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Albany American ashes baked bark basket beans berries boiled bowl braided bread cakes called ceremony cloth collected cooked corn covered cultivated custom described dish dried early eaten Economic Entomology fields fire follows four Free fruit gathered Geology give given grain green corn ground hand Hist History hominy husk inches Indian corn Indians Iroquois John kettle kind leaves maize manner maple maps meal meaning meat mentioned mixed Mohawk Morgan mortar Museum North origin Paleontology Parker pits placed plant Plate pounded prepared pudding quadrangle quantity records references Relations Report Reservation roasted roots says Seneca sometimes soup specimen spirit spoon squash stalk stone sugar taste thrown Travels trees varieties Virginia Voyages women wood wooden writer York
Page 99 - Ebenezer. Agriculture of New York; comprising an account of the classification, composition and distribution of the soils and rocks and the natural waters of the different geological formations, together with a condensed view of the meteorology and agricultural productions of the State, 5v.
Page 48 - Every thing was given in common to the sons of men. Whatever liveth on the land, whatsoever groweth out of the earth, and all that is in the rivers and waters flowing through the same, was given jointly to all, and every one is entitled to his share. From this principle, hospitality...
Page 84 - Meneaters, they set no corne, but live on the bark of Chestnut and Walnut and other fine trees: They dry and eat this bark with the fat of beasts, and sometimes men . . .
Page 16 - Notwithstanding the Indian women have all the fuel and bread to procure, and the cooking to perform, their task is probably not harder than that of white women, who have those articles provided for them; and their cares certainly are not half as numerous, nor as great.
Page 48 - ... and which are made of a kind of hemp, the same as fig-frails — which they make to serve them as sieves — and thus make their meal. They make flat cakes of the meal mixed with water, as large as a farthing cake in this country, and bake them in the ashes, first wrapping a vine-leaf or maizeleaf around them. When they are sufficiently baked in the ashes they make good, palatable bread.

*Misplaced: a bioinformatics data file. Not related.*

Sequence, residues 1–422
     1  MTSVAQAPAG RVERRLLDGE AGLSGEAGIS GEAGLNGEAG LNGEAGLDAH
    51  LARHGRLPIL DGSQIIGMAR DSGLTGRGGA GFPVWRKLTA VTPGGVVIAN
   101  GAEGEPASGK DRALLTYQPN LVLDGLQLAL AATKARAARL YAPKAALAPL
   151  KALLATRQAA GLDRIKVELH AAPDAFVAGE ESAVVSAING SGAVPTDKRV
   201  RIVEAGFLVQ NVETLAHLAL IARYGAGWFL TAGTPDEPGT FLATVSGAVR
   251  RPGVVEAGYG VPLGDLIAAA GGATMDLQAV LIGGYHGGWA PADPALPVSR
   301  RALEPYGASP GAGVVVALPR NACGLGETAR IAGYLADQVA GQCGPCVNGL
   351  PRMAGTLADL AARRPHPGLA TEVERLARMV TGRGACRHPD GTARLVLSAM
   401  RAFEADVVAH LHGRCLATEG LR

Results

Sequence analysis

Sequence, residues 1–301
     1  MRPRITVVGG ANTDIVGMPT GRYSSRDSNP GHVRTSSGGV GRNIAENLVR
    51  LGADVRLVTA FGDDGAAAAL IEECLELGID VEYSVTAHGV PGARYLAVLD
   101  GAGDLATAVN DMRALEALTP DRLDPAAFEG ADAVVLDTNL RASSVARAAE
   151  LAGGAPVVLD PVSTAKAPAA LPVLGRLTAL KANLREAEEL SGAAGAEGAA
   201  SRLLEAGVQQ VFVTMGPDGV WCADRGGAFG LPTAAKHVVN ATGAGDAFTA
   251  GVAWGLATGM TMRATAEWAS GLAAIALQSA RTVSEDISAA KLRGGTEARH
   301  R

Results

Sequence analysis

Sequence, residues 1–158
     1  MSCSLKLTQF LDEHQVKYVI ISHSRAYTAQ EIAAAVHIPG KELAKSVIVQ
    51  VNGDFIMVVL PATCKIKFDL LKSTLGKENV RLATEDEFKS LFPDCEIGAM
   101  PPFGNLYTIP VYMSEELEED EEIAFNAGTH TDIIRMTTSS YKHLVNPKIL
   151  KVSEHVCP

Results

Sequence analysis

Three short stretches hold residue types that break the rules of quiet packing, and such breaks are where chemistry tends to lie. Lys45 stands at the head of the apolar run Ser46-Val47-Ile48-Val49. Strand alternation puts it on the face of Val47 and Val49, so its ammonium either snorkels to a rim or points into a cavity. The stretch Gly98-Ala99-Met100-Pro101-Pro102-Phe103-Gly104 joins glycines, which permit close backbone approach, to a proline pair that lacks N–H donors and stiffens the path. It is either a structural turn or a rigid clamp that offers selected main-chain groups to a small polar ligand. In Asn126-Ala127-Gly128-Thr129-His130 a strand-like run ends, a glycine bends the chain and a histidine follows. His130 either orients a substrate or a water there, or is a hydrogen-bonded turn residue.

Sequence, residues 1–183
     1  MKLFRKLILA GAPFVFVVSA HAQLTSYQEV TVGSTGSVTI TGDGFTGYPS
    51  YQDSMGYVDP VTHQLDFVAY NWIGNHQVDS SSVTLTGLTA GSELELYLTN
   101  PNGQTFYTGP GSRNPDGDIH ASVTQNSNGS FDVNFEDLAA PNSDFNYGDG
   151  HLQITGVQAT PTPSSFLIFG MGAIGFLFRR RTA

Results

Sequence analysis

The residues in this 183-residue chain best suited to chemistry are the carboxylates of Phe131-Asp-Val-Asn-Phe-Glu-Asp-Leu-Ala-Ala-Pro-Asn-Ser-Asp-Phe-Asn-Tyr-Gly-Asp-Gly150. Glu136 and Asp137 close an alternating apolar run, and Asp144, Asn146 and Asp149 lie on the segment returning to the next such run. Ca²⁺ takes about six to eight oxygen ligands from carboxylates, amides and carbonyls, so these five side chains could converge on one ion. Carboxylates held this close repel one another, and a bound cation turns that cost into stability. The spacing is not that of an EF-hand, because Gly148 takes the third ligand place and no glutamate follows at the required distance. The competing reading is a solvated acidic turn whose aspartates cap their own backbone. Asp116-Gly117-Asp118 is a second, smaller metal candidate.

Page 16 - ... the women with short peckers or parers, because they use them sitting, of a foot long, and about five inches in breadth, do only break the upper part of the ground to raise up the weeds, grass, and old stubs of cornstalks with their roots.
Page 20 - Great Spirit, who dwellest alone, listen now to the words of thy people here assembled. The smoke of our offering arises. Give kind attention to our words, as they arise to thee in the smoke. We thank thee for this return of the planting season. Give us a good season, that our crops may be plentiful.
Page 47 - The Spoons which they eat with, do generally hold half a pint; and they laugh at the English for using small ones, which they must be forc'd to carry so often to their Mouths, that their Arms are in danger of being tir'd, before their Belly.
Page 54 - The thin cakes mixt with bear's oil, were formerly baked on thin broad stones placed over a fire, or on broad earthen bottoms fit for such a use, but now they use kettles. When they intend to bake great loaves, they make a strong 1 " Some of the loaves were baked with nuts and dry blue berries and grains of the sunflower.
Page 53 - ... slice off the kernels from the cob to which they grow, and knead them into a paste. This they are enabled to do without the addition of any liquid, by the milk that flows from them; and when it is effected, they parcel it out into cakes, and, enclosing them in leaves of the basswoodtree, place them in hot embers, where they are soon baked. And better flavoured bread I never ate in any country.